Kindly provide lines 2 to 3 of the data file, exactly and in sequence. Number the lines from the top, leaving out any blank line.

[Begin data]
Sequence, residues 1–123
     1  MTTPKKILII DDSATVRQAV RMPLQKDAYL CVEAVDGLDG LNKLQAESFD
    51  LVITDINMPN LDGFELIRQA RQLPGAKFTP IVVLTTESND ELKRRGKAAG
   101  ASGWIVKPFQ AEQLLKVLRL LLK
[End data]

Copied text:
     1  MTTPKKILII DDSATVRQAV RMPLQKDAYL CVEAVDGLDG LNKLQAESFD
    51  LVITDINMPN LDGFELIRQA RQLPGAKFTP IVVLTTESND ELKRRGKAAG